Africa Travel Tip: Excess Baggage

After spending several years in Cape Town and taking annual trips home to grab 'just one more sweater' or 'those boots I can't live without', I accumulated a fair amount of stuff while living abroad.  I find that two checked bags is an adequate allowance when traveling to/from the U.S. to Africa on holiday (standard on most international carriers), but I was struggling to fit everything in my bags for my last trip home.  I looked at Turkish Airlines excess baggage fees for my route and it was going to be a couple hundred dollars - not an option on my budget.

We all have those tops or jeans we're keeping at the back of the drawer that never seem to make it into our wardrobe rotation, yet we refuse to get rid of them.  My first tip, depending on the purpose of your travel, is to pack clothes like these.  Obviously this might not work for a business trip, but carrying a few basic tees are perfect for a weekend camping or on a casual self-drive safari.  Wash, then donate these items locally to leave them behind once and for all at the end of your trip.  You'll eventually have a lot more room in your suitcase and in your wardrobe.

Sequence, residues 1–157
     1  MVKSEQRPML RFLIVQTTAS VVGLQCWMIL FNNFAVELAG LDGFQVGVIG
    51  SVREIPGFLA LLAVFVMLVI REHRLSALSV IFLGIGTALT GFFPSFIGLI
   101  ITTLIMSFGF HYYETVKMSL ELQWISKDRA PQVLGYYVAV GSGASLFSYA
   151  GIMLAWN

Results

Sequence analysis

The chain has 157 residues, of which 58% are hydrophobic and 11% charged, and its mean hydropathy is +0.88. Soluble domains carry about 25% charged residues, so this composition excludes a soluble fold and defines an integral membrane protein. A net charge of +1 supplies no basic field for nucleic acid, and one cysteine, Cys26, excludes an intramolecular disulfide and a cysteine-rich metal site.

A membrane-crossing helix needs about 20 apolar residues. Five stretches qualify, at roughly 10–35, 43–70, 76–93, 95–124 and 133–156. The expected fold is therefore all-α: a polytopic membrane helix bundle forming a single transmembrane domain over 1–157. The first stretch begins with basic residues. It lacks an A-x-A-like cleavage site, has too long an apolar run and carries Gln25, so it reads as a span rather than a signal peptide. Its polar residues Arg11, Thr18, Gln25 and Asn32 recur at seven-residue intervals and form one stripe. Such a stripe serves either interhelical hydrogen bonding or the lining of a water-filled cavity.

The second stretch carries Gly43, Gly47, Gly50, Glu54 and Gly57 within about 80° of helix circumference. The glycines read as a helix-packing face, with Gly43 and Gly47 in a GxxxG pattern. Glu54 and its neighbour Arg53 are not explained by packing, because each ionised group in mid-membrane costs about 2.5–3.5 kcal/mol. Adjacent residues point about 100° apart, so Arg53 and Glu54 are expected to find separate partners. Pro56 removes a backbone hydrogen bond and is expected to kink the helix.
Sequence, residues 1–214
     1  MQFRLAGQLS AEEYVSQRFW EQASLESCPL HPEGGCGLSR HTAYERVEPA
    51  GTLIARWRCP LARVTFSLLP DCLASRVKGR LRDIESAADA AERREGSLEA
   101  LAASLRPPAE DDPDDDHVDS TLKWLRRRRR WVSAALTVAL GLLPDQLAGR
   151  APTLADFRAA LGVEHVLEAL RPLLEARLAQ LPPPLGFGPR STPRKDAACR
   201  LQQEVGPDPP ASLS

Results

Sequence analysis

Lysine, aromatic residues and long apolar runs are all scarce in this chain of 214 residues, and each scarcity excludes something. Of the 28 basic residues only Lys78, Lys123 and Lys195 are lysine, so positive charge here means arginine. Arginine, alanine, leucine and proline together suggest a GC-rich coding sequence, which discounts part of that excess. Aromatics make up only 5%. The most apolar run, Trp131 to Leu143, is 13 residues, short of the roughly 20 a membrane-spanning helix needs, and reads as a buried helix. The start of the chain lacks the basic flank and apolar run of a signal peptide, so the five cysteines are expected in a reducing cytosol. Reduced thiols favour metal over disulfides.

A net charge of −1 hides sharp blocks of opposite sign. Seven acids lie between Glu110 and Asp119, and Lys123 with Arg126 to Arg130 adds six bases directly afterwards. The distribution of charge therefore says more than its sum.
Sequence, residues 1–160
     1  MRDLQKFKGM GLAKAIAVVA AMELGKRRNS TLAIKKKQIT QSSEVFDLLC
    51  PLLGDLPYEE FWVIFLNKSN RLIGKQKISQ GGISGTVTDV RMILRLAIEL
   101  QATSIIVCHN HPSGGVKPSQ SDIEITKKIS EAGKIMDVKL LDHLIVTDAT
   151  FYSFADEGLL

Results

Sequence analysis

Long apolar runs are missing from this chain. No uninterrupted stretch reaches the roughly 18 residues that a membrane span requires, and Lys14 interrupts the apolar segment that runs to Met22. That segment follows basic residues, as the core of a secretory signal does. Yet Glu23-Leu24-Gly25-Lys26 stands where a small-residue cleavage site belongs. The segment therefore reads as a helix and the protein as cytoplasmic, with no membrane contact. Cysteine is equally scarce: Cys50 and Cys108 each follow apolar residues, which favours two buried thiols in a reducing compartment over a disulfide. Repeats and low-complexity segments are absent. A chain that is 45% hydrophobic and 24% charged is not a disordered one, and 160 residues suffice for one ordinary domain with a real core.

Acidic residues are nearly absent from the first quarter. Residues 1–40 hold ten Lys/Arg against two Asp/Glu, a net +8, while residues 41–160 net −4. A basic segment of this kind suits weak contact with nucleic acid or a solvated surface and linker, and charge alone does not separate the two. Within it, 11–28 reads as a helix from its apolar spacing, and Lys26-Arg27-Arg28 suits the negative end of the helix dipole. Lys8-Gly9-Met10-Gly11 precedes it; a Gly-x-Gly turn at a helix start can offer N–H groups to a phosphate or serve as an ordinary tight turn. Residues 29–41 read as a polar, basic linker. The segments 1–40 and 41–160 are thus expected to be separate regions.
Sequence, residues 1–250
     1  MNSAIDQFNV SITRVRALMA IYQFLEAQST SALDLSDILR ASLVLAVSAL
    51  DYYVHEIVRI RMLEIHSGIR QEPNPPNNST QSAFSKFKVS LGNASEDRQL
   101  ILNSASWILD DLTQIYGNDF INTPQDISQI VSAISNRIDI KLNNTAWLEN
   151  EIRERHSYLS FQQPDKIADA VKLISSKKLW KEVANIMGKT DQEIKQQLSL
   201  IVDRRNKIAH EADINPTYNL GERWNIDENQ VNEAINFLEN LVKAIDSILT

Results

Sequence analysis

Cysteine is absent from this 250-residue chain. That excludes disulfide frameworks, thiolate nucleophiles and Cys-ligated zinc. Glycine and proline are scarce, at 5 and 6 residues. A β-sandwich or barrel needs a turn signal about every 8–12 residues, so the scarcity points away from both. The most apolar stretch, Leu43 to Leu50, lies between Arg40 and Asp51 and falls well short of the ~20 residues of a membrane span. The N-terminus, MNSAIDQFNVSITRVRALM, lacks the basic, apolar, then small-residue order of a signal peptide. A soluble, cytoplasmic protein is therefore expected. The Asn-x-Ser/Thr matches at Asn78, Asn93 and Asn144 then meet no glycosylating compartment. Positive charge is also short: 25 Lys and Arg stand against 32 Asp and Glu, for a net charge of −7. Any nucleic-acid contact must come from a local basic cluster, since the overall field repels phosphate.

If you can't afford to leave anything behind, the next best option for excess baggage is to ship it.  I ultimately settled on shipping some of my belongings with PostNet before the holidays last year.  The staff in Westlake was really friendly and they gave me several shipping choices to pick from to fit my budget and time constraints.  While their excess baggage service would have returned my belongings to me faster, I ultimately decided that nothing I was shipping was time-sensitive, so I shipped it by ground internationally (saving over $100!)  Do you have any tips on traveling light?

Marie Frei

One Carry-On is a blog managed by Marie Frei, a travel expert and photographer with a passion for exploring off the beaten path locations. The blog covers honest and personal stories about living and traveling as an American abroad, shares her global appreciation for culture and design, and promotes traveling to far-flung destinations with a carry-on as fun, affordable, and easy.